• Cook at this high temp for the first ten minutes only and then turn your oven down to between 180 and 200 depending on how feisty and fan assisted your oven is. Then cook her for about another 20 minutes. Again you will need to watch and see how fast your oven is. What you want is a loaf that looks golden, smells fab and makes a hole sounds when tapped on the bottom.
  • Cool on a wire rack for as long as the family will allow, although it does slice more easily if it is cool.




As promised: Recipe for vanilla cookies to make your Cookie Christmas tree!!! Better late than never……I hope!

Well apologies for the lateness of this recipe blog, those christmas days tend to run away with themselves don’t they.

The following recipe is what you will need to make the 3D cookie tree I mentioned in my last post. The recipe can be found on the back of the pack of star cookie cutters that I purchased from Lakeland http://www.lakeland.co.uk/14489/3D-Christmas-Cookie-Cutter-Set. The recipe is pretty spot on but I found the addition of vanilla bean paste instead of vanilla extract is a bit yummier and can also be bought from Lakeland.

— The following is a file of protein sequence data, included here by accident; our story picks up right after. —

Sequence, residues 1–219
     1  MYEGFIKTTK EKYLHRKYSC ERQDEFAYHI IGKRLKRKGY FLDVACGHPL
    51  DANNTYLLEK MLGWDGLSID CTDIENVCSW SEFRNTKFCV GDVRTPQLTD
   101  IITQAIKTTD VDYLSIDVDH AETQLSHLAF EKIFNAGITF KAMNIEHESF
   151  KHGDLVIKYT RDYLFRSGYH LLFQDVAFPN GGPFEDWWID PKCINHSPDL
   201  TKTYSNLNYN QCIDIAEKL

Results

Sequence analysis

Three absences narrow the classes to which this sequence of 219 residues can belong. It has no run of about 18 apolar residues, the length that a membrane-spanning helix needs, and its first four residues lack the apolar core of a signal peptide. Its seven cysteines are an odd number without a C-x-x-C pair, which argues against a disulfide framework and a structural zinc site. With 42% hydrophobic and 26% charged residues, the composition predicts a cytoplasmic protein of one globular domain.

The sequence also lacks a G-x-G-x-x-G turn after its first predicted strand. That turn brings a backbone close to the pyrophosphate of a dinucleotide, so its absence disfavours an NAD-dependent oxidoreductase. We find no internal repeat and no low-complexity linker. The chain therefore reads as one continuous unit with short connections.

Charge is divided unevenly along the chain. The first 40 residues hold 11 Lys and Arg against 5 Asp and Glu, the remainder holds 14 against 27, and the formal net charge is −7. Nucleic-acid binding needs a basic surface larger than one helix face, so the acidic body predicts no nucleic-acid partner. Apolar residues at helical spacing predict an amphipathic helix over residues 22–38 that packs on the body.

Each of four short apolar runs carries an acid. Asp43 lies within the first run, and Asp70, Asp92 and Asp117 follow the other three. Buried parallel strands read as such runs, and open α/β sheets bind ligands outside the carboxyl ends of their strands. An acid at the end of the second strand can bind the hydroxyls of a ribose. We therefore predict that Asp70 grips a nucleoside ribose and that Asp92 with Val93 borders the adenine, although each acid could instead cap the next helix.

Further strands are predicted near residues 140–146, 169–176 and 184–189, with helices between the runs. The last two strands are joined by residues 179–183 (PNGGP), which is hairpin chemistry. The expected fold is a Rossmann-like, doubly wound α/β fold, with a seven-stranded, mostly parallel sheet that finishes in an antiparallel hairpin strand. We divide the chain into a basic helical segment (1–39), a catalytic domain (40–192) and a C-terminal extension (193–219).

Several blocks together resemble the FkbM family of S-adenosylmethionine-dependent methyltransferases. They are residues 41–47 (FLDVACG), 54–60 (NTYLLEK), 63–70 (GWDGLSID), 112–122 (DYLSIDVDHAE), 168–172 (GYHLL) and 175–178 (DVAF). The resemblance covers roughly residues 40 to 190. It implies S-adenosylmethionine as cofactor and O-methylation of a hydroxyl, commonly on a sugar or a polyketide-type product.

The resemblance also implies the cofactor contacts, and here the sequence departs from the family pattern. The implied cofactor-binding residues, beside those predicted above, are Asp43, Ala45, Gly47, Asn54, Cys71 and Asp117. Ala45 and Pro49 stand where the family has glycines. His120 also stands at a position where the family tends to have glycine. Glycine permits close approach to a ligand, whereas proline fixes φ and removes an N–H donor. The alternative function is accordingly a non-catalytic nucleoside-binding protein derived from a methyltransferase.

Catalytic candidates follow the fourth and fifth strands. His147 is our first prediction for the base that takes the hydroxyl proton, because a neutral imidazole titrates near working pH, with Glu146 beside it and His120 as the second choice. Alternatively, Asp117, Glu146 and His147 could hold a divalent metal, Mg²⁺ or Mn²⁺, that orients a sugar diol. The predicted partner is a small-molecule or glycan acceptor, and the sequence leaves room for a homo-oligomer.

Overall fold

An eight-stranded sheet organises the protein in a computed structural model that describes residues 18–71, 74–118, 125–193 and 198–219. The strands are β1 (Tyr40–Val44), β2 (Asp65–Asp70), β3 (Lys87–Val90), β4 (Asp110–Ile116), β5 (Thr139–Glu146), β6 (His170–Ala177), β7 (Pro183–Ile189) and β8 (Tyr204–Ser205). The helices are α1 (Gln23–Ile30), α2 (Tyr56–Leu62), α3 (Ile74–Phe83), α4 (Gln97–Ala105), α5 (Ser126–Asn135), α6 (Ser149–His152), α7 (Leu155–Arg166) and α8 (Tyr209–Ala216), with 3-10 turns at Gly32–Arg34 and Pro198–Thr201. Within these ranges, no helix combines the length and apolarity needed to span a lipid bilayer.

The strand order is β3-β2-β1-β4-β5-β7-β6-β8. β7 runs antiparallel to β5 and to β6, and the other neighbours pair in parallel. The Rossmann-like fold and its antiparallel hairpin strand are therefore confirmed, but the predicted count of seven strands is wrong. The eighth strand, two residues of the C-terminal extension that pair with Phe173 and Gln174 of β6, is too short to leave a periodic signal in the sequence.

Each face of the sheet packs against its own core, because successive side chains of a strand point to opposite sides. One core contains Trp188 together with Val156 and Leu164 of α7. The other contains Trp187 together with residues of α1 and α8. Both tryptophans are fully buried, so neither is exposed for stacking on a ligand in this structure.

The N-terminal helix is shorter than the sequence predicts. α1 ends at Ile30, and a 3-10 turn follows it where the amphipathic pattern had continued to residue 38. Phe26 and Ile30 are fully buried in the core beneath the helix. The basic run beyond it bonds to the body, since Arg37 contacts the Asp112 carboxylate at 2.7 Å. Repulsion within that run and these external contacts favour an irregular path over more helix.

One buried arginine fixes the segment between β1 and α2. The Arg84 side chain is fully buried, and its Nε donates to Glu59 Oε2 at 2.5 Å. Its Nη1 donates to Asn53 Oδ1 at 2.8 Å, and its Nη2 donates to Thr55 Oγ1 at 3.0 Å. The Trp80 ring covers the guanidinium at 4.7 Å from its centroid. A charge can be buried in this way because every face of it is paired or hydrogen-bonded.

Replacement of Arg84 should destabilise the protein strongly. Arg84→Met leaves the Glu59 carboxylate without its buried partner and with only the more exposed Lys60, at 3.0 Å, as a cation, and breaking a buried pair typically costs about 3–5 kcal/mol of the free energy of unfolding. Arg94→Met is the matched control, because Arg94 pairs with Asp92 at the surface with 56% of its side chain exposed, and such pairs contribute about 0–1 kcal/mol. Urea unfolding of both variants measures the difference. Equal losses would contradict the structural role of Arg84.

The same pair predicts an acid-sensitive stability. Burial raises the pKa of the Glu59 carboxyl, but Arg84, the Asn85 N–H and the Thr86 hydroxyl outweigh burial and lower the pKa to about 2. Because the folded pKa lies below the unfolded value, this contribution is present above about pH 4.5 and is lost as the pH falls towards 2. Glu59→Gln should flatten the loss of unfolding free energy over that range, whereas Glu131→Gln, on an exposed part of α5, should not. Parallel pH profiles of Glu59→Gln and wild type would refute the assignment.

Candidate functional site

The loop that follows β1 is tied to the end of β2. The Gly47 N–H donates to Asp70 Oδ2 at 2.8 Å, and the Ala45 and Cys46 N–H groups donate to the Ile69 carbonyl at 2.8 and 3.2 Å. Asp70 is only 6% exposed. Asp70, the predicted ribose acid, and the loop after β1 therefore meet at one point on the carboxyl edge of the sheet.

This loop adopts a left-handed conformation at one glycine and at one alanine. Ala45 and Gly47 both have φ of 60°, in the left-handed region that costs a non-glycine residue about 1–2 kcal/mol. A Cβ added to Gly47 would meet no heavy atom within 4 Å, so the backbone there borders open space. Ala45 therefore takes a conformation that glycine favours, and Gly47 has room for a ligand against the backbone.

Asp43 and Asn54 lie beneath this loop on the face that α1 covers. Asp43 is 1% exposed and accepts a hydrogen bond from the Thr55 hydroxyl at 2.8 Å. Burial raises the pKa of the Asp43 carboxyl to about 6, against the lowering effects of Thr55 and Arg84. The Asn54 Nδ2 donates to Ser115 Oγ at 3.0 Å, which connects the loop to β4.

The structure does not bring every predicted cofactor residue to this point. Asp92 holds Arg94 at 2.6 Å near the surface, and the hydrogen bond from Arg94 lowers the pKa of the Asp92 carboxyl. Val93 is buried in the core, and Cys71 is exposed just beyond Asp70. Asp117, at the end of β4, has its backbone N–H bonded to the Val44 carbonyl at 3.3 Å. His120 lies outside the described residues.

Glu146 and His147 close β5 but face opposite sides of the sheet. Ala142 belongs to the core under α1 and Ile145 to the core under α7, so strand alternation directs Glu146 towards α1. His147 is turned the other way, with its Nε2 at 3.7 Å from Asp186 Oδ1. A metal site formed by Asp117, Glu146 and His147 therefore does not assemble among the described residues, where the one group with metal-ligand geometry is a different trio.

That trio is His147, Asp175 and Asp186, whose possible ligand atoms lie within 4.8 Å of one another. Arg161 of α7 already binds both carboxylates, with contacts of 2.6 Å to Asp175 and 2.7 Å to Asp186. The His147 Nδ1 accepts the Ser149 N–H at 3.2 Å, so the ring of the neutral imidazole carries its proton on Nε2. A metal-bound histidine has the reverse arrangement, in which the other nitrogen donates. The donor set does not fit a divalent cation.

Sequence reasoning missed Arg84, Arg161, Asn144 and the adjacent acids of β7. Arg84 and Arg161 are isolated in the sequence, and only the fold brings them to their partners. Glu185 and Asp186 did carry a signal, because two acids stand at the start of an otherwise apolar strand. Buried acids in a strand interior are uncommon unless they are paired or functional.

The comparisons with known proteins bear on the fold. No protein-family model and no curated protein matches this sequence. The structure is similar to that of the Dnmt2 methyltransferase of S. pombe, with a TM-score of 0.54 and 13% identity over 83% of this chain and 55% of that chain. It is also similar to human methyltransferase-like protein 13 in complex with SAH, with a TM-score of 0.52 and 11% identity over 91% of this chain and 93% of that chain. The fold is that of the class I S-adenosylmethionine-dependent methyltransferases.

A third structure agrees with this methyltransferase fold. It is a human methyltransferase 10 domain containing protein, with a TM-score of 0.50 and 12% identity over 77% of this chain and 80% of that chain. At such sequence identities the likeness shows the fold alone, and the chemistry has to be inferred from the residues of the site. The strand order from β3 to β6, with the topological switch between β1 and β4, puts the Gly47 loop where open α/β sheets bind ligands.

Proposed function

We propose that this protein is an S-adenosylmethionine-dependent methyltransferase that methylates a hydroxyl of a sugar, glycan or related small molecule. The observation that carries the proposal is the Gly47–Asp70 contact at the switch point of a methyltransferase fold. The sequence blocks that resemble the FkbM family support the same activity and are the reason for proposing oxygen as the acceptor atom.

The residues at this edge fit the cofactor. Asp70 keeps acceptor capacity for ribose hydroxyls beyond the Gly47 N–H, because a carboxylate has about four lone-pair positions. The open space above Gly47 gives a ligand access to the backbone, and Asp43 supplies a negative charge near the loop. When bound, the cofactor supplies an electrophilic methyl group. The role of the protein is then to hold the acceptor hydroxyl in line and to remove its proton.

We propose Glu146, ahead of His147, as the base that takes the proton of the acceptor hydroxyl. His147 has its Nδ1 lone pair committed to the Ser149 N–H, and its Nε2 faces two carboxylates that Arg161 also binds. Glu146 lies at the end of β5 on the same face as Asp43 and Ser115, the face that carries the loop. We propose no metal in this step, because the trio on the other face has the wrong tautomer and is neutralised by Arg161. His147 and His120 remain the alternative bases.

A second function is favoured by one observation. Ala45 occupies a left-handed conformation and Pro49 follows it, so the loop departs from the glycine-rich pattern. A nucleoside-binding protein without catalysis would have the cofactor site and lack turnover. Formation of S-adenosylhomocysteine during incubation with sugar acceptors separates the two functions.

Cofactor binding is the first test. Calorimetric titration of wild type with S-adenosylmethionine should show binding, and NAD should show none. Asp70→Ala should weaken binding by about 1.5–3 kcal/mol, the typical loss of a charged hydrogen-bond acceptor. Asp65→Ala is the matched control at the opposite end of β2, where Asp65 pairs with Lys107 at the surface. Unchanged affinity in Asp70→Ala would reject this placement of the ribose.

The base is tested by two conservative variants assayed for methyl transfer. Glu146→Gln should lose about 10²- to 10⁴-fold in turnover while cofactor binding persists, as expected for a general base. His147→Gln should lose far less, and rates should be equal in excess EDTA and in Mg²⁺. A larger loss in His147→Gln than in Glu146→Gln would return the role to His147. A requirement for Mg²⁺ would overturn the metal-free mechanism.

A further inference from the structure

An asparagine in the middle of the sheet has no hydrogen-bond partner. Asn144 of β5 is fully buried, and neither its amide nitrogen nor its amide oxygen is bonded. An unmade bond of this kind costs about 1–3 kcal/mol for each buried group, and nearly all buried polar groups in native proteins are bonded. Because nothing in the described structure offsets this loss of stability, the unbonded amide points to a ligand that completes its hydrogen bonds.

300g unsalted butter, softened

300g caster sugar

2 small eggs, beaten

1 teaspoon of vanilla extract or vanilla bean paste

a pinch of salt

600g plain flour, sifted


  1. First line some baking trays with baking parchment ready for your stars.
  2. In a bowl cream together your butter and sugar until light and creamy. Add the beaten eggs, vanilla and salt and mix well. Then gradually add your flour and mix until well incorporated. This can take a while as the mixture is quite dry. Worry not, persevere and it will come together.
  3. Once you have a dough pop it into a plastic bag and then pop it into the fridge to chill for at least an hour.
  4. Preheat your oven to 180 degrees C (350 degrees F) or gas mark 4.